Friday, August 21, 2009

The Politics of Crime Control

After an impassioned debate over the cost and benefit of California's massive prison system, the state Senate on Thursday narrowly approved a controversial bill to cut hundreds of millions of dollars in spending on state lockups by reducing the time lower-level inmates would spend behind bars and on parole.

But the proposal remained stalled in the Assembly, where a host of lawmakers vying for higher office refused to take a vote that could portray them as soft on crime. Speaker Karen Bass kept her members late into the night in an effort to push through a watered-down version, to no avail. The Assembly adjourned just before midnight without taking action, planning to reconvene Monday.


We see the first problem in managing a failed prison system - politics - in this story from California. Policy makers - those who played a significant role in creating this problem - are afraid of being labeled soft on crime. Never heard an elected official claim to be afraid of being smart on crime.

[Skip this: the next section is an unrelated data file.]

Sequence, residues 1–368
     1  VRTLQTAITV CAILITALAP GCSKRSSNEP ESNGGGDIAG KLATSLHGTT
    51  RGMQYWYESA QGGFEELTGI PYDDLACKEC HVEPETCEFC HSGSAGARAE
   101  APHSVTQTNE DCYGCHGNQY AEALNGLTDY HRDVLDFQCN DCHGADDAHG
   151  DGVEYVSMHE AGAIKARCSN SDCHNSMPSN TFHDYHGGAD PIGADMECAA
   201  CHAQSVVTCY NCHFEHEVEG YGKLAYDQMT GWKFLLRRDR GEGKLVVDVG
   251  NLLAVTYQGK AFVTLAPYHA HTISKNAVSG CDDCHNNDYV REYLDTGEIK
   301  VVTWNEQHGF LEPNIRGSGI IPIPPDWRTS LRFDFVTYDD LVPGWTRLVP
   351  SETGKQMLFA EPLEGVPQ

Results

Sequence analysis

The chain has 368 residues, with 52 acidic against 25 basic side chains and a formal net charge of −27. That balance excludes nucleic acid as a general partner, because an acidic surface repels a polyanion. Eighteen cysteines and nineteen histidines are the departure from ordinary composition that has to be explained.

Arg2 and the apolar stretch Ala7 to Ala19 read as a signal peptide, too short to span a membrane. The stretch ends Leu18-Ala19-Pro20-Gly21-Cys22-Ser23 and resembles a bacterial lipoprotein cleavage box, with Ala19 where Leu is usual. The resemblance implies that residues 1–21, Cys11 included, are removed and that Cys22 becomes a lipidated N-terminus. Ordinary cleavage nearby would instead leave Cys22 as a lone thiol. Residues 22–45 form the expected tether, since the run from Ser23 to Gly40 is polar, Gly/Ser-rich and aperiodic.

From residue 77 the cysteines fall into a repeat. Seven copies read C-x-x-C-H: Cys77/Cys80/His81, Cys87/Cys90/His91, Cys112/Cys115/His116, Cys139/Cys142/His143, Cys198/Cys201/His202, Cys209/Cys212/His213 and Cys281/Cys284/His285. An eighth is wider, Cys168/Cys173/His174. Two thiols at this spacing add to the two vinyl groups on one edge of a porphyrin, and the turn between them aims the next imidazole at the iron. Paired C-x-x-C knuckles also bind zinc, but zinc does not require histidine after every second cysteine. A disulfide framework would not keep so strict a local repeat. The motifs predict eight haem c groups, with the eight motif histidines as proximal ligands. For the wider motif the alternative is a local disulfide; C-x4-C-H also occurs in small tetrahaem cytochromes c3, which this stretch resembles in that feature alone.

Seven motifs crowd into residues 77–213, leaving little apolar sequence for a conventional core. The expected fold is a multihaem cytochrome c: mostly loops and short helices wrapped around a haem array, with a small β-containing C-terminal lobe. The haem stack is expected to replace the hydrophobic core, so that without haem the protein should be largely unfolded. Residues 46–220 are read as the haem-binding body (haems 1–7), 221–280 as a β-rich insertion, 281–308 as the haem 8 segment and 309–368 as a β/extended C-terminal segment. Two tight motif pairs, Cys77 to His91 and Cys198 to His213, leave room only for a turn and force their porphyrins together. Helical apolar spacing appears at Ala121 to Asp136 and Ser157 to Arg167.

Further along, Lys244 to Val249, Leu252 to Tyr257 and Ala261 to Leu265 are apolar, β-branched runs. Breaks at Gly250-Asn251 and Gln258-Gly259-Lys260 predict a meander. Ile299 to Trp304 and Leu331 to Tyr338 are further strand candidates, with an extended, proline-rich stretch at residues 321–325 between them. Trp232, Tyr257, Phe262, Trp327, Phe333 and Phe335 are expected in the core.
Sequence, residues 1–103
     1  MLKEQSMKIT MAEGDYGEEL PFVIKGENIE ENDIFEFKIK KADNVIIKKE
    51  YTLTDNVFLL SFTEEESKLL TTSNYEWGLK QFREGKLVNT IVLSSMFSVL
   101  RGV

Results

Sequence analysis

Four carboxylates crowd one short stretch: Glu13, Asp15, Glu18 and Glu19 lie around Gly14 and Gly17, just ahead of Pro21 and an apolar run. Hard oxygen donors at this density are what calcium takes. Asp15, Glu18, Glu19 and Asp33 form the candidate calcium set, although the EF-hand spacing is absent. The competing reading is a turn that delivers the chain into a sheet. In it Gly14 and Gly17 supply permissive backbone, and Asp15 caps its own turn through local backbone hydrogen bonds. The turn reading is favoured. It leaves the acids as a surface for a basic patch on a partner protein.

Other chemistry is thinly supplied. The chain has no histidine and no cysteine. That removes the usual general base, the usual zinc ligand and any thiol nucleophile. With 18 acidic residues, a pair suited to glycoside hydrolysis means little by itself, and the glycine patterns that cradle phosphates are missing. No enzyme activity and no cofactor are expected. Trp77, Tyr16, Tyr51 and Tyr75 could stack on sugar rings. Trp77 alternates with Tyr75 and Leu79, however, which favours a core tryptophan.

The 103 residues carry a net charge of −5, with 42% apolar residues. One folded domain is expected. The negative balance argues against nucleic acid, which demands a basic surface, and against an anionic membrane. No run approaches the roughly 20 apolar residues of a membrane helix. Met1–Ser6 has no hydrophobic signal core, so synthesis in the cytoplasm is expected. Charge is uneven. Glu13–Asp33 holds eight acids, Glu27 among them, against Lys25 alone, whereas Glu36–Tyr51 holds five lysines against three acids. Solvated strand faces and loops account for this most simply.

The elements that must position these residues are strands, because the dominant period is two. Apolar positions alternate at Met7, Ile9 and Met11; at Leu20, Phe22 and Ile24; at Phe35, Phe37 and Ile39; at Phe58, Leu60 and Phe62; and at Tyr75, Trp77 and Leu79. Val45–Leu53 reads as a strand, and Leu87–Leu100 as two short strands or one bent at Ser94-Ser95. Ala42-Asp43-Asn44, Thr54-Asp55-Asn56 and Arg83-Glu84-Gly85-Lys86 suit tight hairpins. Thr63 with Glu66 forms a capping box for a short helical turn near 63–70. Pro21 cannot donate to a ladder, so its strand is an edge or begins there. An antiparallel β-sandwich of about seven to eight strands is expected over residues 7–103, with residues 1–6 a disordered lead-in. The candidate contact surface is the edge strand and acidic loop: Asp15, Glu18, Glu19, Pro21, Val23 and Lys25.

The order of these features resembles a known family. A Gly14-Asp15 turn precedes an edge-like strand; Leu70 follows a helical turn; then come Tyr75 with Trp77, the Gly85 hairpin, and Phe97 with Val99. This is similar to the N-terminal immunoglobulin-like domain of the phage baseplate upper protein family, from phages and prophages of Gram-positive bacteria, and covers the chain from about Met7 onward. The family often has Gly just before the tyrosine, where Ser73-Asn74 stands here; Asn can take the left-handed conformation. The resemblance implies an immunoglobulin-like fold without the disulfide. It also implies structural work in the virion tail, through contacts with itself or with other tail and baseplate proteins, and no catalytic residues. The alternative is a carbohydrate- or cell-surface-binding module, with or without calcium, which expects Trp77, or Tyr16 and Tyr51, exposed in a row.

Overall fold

Inside the political issue is the fact that many politicians have built their careers being tough on crime. They don't have tangible results of positive outcomes from the pursuit of their get tough approach, but that doesn't matter. They pander to the baser instincts in order to score political points. I don't think that many of these politicos care about victims or offenders - crime is just a means to an end for them.

We also see the typical response to any attempt to be smart about crime control - fear.

Republicans and some law enforcement groups, who characterize the plan as "early release" and "get out of jail free," warned that it would reverse the significant drops in crime of recent years.

"We will see mayhem on the streets of California," Sen. Jeff Denham (R-Atwater) told colleagues on the Senate floor Thursday.

Never mind the facts. Cut straight to the fear mongering. Never mind that the inmates who would be released are non-violent. Never mind that many of them are recidivists because of technical violations. Just claim that crime will go up and many elected officials will wilt.

But in this case, the federal courts have gotten involved, which was predictable. If Californai doesn't step up, we will see more riots and lawsuits. Other states - take heed.

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